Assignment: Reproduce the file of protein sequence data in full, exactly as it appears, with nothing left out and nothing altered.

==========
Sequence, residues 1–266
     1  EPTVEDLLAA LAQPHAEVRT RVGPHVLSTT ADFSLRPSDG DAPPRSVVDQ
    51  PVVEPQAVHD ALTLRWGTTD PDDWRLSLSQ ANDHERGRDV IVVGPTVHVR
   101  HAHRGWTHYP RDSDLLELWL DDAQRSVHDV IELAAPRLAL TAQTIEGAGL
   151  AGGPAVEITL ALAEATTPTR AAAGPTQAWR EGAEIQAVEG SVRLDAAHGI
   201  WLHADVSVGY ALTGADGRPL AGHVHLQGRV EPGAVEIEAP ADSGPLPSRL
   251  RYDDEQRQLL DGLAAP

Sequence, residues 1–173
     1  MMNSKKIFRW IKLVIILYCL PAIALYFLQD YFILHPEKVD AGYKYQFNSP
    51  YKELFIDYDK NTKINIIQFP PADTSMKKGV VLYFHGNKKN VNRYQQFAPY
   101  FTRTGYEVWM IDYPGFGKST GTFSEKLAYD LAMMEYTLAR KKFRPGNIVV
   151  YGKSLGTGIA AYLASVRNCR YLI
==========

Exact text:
Sequence, residues 1–266
     1  EPTVEDLLAA LAQPHAEVRT RVGPHVLSTT ADFSLRPSDG DAPPRSVVDQ
    51  PVVEPQAVHD ALTLRWGTTD PDDWRLSLSQ ANDHERGRDV IVVGPTVHVR
   101  HAHRGWTHYP RDSDLLELWL DDAQRSVHDV IELAAPRLAL TAQTIEGAGL
   151  AGGPAVEITL ALAEATTPTR AAAGPTQAWR EGAEIQAVEG SVRLDAAHGI
   201  WLHADVSVGY ALTGADGRPL AGHVHLQGRV EPGAVEIEAP ADSGPLPSRL
   251  RYDDEQRQLL DGLAAP

Sequence, residues 1–173
     1  MMNSKKIFRW IKLVIILYCL PAIALYFLQD YFILHPEKVD AGYKYQFNSP
    51  YKELFIDYDK NTKINIIQFP PADTSMKKGV VLYFHGNKKN VNRYQQFAPY
   101  FTRTGYEVWM IDYPGFGKST GTFSEKLAYD LAMMEYTLAR KKFRPGNIVV
   151  YGKSLGTGIA AYLASVRNCR YLI